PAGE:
Tuesday, November 08, 2016

Court Could Consider Newly Disclosed Pretrial Conduct To Deny 3582 Sentence Reduction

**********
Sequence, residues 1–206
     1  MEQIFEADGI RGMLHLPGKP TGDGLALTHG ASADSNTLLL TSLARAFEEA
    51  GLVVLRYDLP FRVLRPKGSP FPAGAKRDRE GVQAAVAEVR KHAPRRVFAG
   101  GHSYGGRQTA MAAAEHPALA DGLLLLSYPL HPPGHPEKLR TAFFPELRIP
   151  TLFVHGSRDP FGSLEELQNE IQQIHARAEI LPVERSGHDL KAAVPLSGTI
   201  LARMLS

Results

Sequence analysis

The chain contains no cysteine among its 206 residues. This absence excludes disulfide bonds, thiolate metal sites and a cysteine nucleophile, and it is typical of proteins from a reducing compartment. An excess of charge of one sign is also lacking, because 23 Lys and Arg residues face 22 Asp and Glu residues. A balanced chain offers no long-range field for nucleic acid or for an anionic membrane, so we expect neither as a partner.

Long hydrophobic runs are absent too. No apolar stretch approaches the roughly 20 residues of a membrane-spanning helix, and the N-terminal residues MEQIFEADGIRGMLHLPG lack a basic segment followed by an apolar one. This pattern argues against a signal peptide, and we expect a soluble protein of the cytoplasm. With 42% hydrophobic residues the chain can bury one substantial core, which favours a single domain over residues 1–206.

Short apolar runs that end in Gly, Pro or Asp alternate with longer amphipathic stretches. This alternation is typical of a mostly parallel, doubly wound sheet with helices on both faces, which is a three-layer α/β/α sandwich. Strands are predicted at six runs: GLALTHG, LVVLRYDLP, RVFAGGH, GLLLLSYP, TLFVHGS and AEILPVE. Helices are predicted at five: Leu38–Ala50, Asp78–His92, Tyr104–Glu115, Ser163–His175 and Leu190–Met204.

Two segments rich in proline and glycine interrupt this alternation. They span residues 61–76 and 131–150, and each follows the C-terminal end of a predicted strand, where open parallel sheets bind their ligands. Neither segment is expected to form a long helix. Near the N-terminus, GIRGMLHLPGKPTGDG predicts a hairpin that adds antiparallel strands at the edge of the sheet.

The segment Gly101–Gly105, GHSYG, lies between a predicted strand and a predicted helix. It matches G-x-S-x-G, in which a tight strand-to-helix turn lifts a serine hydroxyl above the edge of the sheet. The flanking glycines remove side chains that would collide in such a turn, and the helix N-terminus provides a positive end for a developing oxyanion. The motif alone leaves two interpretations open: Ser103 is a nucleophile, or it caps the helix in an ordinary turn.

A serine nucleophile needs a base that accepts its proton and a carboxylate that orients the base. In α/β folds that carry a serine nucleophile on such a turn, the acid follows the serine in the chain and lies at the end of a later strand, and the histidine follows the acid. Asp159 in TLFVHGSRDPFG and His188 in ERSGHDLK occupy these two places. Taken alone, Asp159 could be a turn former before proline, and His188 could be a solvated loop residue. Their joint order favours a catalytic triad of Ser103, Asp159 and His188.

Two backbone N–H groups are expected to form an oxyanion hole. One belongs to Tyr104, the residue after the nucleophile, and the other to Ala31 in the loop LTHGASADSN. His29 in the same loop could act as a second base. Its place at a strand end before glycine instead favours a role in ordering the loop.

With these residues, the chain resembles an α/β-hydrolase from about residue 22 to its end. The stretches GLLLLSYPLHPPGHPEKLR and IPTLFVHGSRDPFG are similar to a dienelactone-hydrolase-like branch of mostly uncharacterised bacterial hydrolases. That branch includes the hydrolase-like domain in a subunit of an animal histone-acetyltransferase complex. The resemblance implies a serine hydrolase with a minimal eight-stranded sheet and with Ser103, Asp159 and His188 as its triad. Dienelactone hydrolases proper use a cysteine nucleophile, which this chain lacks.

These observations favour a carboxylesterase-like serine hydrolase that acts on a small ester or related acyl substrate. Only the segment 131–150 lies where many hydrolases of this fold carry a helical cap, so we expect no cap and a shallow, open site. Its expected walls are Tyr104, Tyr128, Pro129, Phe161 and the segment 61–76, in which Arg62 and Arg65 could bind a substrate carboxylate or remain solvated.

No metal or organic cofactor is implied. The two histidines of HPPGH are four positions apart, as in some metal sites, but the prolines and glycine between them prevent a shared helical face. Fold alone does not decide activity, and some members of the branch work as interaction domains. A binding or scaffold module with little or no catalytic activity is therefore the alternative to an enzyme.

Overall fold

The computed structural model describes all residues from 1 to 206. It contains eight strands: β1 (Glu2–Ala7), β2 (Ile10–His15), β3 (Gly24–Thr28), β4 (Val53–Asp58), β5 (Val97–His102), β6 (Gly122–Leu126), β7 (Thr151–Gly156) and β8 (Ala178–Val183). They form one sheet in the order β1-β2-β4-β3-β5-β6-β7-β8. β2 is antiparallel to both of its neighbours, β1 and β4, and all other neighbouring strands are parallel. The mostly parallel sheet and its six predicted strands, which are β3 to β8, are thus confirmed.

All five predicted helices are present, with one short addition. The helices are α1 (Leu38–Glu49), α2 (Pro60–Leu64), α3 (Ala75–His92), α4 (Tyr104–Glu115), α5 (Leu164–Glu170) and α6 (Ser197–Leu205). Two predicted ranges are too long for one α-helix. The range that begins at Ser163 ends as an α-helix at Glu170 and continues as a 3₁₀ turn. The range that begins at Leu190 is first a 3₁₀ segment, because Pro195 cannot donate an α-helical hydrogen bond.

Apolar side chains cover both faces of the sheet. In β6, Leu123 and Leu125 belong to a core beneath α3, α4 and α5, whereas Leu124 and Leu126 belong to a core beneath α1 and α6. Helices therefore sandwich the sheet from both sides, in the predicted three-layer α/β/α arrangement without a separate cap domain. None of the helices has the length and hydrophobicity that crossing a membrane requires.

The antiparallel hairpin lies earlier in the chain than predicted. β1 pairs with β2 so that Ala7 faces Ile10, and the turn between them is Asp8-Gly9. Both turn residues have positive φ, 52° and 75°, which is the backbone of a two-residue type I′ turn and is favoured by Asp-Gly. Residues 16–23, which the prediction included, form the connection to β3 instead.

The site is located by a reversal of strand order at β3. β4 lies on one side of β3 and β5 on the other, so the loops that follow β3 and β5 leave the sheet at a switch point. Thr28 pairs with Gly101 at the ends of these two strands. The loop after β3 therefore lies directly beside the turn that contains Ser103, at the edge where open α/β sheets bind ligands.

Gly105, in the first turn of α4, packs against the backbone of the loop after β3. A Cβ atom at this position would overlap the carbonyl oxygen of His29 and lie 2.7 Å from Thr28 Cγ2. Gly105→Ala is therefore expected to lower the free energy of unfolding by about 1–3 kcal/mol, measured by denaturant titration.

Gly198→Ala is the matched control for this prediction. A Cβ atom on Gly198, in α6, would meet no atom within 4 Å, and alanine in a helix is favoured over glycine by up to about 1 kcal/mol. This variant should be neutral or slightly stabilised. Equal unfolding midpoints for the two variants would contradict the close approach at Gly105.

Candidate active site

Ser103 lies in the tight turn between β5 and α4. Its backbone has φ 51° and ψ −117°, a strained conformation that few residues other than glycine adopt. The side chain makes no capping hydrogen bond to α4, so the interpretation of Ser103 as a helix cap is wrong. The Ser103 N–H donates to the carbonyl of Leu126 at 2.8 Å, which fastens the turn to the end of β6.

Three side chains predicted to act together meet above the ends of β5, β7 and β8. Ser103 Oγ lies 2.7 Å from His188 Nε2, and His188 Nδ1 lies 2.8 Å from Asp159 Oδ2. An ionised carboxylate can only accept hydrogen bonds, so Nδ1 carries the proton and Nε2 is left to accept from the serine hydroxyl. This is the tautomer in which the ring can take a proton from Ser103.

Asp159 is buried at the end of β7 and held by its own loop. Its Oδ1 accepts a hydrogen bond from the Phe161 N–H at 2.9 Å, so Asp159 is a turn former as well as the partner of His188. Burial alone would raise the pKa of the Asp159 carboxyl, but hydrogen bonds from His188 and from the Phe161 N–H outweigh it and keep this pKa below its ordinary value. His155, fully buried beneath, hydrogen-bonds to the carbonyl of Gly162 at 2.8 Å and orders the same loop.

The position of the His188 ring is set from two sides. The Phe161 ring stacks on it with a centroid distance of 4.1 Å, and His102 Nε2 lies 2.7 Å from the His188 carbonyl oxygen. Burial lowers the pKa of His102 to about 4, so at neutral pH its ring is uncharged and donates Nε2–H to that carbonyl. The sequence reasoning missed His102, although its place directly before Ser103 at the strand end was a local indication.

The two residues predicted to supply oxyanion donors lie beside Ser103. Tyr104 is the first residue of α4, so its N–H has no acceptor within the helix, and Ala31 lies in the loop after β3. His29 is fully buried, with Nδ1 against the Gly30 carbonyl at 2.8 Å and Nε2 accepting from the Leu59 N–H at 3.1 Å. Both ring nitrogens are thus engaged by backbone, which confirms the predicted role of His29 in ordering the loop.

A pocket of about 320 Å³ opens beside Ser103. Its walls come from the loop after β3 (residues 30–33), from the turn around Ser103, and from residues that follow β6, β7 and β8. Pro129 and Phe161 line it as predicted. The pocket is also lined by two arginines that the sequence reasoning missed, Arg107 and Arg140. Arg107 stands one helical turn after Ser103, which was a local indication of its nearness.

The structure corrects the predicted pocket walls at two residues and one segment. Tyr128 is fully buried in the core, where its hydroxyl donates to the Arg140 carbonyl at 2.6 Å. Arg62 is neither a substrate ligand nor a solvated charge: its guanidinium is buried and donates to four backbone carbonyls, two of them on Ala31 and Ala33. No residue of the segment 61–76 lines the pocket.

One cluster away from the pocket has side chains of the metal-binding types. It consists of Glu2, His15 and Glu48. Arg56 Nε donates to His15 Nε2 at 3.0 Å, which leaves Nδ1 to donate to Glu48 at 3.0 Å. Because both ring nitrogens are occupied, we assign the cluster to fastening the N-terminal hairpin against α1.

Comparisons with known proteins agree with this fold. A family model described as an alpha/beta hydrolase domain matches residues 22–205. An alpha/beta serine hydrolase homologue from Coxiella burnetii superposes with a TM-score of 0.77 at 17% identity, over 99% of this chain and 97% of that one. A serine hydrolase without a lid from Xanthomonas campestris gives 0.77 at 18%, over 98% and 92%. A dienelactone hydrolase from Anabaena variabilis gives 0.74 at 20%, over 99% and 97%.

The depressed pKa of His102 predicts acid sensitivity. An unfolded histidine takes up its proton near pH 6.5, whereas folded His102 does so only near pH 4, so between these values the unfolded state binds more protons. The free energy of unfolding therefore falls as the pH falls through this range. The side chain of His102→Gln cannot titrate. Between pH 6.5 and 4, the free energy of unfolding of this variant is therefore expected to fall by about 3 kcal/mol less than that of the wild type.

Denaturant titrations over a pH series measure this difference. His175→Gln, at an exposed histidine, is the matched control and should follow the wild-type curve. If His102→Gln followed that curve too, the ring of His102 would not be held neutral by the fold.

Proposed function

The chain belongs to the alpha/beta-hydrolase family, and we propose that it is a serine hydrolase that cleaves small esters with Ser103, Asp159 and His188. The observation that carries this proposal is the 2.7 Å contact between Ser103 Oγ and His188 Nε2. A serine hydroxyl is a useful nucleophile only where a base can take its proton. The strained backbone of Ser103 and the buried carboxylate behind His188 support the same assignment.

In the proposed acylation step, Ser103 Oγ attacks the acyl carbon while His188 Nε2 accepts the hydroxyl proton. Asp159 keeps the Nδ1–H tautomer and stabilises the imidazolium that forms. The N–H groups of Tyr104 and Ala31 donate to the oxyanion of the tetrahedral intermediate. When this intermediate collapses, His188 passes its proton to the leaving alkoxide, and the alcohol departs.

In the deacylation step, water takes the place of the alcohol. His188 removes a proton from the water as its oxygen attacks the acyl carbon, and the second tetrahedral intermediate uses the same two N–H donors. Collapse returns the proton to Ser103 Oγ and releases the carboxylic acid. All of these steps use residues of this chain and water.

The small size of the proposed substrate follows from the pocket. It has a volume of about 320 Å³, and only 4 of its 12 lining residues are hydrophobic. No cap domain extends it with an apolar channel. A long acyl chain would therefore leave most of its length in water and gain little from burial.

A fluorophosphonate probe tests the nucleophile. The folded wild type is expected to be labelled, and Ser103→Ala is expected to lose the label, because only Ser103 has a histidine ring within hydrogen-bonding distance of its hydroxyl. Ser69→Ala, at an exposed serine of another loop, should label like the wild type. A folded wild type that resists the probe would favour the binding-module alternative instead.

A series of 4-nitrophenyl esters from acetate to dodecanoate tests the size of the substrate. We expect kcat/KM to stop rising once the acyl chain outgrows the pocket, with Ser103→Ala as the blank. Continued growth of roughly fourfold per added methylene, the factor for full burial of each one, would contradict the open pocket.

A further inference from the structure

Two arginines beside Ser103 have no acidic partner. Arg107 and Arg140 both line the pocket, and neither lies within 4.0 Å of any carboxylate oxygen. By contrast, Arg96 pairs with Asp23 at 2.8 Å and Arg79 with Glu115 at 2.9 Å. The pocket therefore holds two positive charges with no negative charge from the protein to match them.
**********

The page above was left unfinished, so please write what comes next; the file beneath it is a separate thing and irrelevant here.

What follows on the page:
United States v. Piper, 2016 WL 6211807 (October 25, 2016): Piper appealed the district court’s decision to deny his 18 U.S.C. § 3582 (c)(2) motion. In the lower court, the government agreed that his offense level had been retroactively lowered for the drug offense to which he pleaded guilty. But it opposed the reduction because of a rap video Piper made during his pretrial release. In that video he supposedly accused certain people of cooperating against him. The district court agreed that the video and Piper’s underlying offense demonstrated he was a significant danger to the community. Consequently it ruled he should not get the sentencing reduction. The panel affirmed that decision. It was unpersuaded by Piper’s four arguments. First, the panel said that the district court did not abuse its discretion by not addressing Piper’s policy arguments. Sec. 3582(c)(2) does not incorporate sec. 3553(c) which requires the court to state its reasons for the particular sentence. The court considered all the sec. 3553(a) factors and that was all it was required to do. Second, the court did not exceed its authority by considering the rap video which Piper labeled newly alleged presentencing conduct. The panel reasoned that nothing in USSG sec. 1B1.10 or Dillon require a court to disregard new allegations of presentencing conduct. Third, the court did not err in not having an evidentiary hearing before finding Piper created the video so it would be published and viewed as a threat to cooperators. To begin with, Piper did not request a hearing. According to USSG sec. 6A1.3(a), when an accused challenges certain facts the court does not have to hold a hearing unless the accused requests one. Finally, even without a hearing the court could glean Piper’s intent to threaten from watching the video. The court concluded that the video’s content and Piper’s decision to perform in a video in which he suggests a violent threat and leaving the video with a third party demonstrate the video was intended to be a threat to cooperating witnesses.